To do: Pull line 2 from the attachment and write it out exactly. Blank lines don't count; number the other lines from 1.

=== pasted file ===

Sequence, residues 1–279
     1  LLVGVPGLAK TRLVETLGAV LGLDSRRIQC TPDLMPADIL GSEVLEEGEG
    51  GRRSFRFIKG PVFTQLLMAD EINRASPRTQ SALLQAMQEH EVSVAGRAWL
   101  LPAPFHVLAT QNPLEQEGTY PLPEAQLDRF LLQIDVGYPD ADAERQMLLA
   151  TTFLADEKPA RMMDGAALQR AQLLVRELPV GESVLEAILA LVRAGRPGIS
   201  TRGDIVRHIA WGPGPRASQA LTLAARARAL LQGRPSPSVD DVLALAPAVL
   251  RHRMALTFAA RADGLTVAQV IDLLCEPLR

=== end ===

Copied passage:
     1  LLVGVPGLAK TRLVETLGAV LGLDSRRIQC TPDLMPADIL GSEVLEEGEG